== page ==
GRAVES: Rarity of ESD success proves new playoff system neededOne of the pitfalls of writing a timely piece for a daily newspaper is that on occasion, you must write about an event that will be over by the time the article is published but remains in the future as you write. Thus, as I write this, I am unaware of the outcome in the football playoff game between the Mitchell Kernels and Sioux Falls Washington.
By: Joe Graves, Mitchell public schools superintendent
One of the pitfalls of writing a timely piece for a daily newspaper is that on occasion, you must write about an event that will be over by the time the article is published but remains in the future as you write. Thus, as I write this, I am unaware of the outcome in the football playoff game between the Mitchell Kernels and Sioux Falls Washington. (A more superstitious man would find something in the fact that we are playing a team whose school colors are orange and black on Halloween, but even then I’m not sure for which side that would be a good omen.)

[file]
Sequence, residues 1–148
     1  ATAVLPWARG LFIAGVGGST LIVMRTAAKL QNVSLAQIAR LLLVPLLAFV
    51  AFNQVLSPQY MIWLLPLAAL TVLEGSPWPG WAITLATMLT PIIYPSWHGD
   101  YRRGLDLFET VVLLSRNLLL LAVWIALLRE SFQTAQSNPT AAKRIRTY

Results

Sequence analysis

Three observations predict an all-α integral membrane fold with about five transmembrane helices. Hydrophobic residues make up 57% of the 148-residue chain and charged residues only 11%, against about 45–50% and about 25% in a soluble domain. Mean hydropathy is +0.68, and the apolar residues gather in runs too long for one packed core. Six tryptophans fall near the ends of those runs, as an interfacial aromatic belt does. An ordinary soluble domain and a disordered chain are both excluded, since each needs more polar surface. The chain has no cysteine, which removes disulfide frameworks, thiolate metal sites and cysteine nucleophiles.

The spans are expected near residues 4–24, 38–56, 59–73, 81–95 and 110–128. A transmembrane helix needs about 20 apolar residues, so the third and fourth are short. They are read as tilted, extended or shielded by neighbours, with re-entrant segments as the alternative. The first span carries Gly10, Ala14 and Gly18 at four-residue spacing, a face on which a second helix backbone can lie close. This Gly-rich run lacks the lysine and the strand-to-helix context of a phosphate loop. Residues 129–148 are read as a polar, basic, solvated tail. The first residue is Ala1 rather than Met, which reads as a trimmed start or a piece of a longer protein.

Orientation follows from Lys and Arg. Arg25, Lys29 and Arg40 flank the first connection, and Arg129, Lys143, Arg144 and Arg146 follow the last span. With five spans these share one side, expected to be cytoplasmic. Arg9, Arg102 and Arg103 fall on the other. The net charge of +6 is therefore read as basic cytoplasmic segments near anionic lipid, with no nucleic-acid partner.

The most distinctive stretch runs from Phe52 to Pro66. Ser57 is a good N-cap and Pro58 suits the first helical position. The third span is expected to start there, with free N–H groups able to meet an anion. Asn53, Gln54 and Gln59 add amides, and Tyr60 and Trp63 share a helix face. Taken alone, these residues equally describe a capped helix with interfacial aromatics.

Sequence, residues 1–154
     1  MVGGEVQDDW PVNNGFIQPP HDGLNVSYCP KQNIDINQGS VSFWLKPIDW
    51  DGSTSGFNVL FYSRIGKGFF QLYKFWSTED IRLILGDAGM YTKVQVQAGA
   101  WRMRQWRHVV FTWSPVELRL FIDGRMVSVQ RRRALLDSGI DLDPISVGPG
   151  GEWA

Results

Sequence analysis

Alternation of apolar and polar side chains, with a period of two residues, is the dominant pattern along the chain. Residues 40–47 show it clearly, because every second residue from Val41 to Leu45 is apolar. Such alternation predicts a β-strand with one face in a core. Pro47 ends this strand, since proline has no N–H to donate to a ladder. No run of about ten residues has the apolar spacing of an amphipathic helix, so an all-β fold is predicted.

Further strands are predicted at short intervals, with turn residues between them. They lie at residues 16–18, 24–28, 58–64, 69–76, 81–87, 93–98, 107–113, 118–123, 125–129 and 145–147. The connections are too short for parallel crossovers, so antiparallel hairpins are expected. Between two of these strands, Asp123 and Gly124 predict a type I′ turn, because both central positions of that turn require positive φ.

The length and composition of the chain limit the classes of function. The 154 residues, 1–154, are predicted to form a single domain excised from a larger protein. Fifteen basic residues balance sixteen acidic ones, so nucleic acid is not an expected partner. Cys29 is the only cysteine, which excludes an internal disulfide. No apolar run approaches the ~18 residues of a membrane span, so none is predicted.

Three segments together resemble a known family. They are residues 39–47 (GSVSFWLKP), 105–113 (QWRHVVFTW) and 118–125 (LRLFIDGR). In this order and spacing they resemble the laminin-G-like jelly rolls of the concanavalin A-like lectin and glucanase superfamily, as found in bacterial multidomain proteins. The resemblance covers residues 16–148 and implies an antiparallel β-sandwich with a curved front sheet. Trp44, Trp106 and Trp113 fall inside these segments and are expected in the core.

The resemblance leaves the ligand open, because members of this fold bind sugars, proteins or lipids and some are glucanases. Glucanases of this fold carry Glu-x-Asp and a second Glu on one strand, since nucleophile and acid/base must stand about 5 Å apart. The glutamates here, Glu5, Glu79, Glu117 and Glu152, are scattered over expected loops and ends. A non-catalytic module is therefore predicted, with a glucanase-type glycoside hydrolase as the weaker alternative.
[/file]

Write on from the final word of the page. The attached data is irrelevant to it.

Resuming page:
Since I really can’t say much about a game yet unplayed, let me talk about one the outcome of which is known. I am a bit ambivalent about adding yet another story about the MHS football game against Sioux Falls Lincoln on Oct. 7 (after all, too much Kernel self-adulation can step perilously close to poor sportsmanship), but here goes anyway. I have been watching high school football games pretty consistently since 1978, with just a four-year hiatus during college. That means I have been watching high school football regularly for just shy of 30 years, and the game on Oct. 7 was the most exciting game I have ever witnessed.